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pone-0008737-g012: Repeated amputation can induce secondary regeneration.A) Two maxillary barbels regenerated from the same stump. The original barbel (not shown) was amputated at site 1 and the stump allowed to regenerate for one month. The resulting appendage (primary regenerate, top) was then amputated again slightly distal to the first amputation plane (site 2). A secondary regenerate (bottom) grew that was similar in size, shape and pigmentation to the primary regenerate. B) A magnification of the two surgical sites in A. Primary and secondary scars are visible approximately 0.5 mm apart. Note that the epithelial surface and melanophore patterning are largely normal. C) A secondary regenerate with more extreme scarring and swelling at the primary (1) and secondary (2) surgical sites. D–E) Failure of secondary regeneration. Secondary regenerates often failed to grow, elongating either slightly (D) or not at all (E) past the secondary surgical site (2).

Mentions: Of the 78 fish challenged to undergo secondary regeneration, 66% (57/78) grew back a secondary maxillary barbel. Large secondary regenerates were patterned normally in terms of pigment cells, gross organization of the vasculature and taste bud distribution, and could be of comparable size to the primary regenerates (Fig. 12A). Notably, the internal scarring seen in primary regenerates was repeated in the secondary regenerates. In most cases, two separate scars were observed, one distal to the first (Fig. 12 B,C).


Development and regeneration of the zebrafish maxillary barbel: a novel study system for vertebrate tissue growth and repair.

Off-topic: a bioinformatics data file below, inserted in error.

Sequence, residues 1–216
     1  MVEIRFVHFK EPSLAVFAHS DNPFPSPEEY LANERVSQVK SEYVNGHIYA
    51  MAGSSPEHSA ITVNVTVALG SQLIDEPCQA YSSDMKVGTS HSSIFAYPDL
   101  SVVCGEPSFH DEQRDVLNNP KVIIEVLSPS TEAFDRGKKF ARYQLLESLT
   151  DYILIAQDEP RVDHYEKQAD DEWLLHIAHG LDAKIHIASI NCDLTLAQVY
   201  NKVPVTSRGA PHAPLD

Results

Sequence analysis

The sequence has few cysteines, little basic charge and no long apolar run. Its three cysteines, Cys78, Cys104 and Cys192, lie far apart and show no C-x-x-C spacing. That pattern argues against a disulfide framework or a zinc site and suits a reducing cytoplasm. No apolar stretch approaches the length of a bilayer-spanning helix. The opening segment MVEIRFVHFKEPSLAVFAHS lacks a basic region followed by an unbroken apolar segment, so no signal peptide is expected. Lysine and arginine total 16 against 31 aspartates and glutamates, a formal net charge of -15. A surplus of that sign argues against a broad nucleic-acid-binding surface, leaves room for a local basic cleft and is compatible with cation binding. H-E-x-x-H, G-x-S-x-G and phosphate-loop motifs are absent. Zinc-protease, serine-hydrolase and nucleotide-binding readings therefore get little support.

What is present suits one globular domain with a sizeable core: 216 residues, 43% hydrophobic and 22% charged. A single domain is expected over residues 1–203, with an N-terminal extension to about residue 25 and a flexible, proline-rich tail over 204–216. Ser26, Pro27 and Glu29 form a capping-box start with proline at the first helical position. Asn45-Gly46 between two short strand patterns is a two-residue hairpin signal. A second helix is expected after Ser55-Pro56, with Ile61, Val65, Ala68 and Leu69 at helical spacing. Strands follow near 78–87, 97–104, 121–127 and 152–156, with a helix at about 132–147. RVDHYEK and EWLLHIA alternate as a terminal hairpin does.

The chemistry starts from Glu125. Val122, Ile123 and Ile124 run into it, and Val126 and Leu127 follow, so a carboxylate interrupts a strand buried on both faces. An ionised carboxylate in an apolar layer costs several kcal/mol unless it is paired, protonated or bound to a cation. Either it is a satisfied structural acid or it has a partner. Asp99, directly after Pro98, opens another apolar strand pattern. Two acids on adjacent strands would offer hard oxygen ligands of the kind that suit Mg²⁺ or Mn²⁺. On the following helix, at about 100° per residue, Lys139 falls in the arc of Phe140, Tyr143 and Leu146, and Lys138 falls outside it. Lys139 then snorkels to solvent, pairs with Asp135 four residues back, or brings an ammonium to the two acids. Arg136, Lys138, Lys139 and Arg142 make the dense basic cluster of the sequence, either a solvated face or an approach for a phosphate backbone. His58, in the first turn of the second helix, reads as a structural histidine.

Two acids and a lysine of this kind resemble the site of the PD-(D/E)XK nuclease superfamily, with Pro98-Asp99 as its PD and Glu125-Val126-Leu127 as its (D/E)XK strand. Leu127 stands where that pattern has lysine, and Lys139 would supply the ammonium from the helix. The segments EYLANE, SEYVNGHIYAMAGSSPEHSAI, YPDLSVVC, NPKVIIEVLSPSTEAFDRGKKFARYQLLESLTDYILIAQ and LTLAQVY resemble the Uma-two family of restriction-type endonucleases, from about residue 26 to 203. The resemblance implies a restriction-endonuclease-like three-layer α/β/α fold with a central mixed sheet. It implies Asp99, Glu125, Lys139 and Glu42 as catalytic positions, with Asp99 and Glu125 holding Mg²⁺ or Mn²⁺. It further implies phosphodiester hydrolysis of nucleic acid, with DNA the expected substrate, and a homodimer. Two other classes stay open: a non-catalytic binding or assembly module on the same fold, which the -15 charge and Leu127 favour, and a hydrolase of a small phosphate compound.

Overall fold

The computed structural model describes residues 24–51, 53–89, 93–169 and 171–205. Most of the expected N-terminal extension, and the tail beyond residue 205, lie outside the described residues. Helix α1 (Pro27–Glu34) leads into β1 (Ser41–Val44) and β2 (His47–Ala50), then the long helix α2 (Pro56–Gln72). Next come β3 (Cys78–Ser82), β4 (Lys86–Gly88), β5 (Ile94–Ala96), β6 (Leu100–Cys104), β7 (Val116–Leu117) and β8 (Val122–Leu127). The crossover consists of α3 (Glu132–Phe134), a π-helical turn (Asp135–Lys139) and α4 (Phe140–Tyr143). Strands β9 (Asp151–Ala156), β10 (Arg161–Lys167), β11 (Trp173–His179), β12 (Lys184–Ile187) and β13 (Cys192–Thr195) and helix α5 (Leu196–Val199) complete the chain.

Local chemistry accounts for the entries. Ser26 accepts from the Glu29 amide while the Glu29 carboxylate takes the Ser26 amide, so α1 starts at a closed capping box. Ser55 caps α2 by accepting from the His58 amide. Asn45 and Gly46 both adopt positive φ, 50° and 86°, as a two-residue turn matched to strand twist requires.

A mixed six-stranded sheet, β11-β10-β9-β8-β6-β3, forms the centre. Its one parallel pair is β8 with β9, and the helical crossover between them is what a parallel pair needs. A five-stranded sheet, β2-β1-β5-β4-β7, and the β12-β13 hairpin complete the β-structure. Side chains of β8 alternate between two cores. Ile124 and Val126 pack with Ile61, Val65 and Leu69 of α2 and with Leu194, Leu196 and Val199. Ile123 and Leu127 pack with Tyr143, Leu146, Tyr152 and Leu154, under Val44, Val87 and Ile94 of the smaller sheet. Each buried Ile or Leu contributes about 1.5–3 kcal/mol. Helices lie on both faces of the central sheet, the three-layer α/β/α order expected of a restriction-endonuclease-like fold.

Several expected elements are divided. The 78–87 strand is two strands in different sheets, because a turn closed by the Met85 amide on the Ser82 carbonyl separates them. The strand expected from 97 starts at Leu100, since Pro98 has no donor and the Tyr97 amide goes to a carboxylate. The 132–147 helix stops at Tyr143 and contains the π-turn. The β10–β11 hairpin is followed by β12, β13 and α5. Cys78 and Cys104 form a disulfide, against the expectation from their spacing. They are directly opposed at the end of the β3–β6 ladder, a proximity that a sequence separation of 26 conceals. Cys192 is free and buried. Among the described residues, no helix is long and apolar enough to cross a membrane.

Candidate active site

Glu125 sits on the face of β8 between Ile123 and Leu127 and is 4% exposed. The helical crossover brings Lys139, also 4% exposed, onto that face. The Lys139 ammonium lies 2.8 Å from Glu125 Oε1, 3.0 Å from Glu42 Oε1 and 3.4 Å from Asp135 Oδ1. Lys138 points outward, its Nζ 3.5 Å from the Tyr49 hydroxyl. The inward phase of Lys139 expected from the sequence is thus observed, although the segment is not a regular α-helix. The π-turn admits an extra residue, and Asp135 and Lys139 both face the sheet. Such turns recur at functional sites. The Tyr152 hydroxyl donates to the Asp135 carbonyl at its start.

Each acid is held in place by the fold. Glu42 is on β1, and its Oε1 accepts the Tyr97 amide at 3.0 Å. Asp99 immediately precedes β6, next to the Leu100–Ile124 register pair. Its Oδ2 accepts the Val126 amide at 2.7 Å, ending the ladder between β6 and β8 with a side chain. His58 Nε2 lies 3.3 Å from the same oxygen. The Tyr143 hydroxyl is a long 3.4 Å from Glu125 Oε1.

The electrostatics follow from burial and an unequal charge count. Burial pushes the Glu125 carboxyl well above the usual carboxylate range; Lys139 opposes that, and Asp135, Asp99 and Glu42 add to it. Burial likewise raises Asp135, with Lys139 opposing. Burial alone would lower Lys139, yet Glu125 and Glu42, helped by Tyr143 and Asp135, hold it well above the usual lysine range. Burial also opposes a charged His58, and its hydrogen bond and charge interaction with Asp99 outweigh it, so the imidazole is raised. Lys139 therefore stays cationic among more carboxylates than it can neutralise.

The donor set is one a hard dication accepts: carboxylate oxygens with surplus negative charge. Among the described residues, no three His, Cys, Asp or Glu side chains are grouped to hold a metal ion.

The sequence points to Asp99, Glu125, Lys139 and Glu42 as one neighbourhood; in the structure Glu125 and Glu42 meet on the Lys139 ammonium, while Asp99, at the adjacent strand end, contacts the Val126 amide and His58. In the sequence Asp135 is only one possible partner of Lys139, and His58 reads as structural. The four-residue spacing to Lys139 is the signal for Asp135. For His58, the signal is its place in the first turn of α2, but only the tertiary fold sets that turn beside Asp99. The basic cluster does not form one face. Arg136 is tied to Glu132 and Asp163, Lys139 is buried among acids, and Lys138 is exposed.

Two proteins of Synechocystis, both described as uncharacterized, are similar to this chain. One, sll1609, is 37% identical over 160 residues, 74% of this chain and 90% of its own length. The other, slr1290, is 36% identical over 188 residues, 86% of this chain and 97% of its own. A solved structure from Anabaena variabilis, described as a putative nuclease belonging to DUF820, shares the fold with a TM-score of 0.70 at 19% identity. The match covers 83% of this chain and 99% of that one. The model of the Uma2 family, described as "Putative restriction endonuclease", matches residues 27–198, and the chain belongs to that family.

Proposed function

LeClair EE, Topczewski J - PLoS ONE (2010)

Repeated amputation can induce secondary regeneration.A) Two maxillary barbels regenerated from the same stump. The original barbel (not shown) was amputated at site 1 and the stump allowed to regenerate for one month. The resulting appendage (primary regenerate, top) was then amputated again slightly distal to the first amputation plane (site 2). A secondary regenerate (bottom) grew that was similar in size, shape and pigmentation to the primary regenerate. B) A magnification of the two surgical sites in A. Primary and secondary scars are visible approximately 0.5 mm apart. Note that the epithelial surface and melanophore patterning are largely normal. C) A secondary regenerate with more extreme scarring and swelling at the primary (1) and secondary (2) surgical sites. D–E) Failure of secondary regeneration. Secondary regenerates often failed to grow, elongating either slightly (D) or not at all (E) past the secondary surgical site (2).
© Copyright Policy
Related In: Results  -  Collection

Show All Figures
getmorefigures.php?uid=PMC2806924&req=5

pone-0008737-g012: Repeated amputation can induce secondary regeneration.A) Two maxillary barbels regenerated from the same stump. The original barbel (not shown) was amputated at site 1 and the stump allowed to regenerate for one month. The resulting appendage (primary regenerate, top) was then amputated again slightly distal to the first amputation plane (site 2). A secondary regenerate (bottom) grew that was similar in size, shape and pigmentation to the primary regenerate. B) A magnification of the two surgical sites in A. Primary and secondary scars are visible approximately 0.5 mm apart. Note that the epithelial surface and melanophore patterning are largely normal. C) A secondary regenerate with more extreme scarring and swelling at the primary (1) and secondary (2) surgical sites. D–E) Failure of secondary regeneration. Secondary regenerates often failed to grow, elongating either slightly (D) or not at all (E) past the secondary surgical site (2).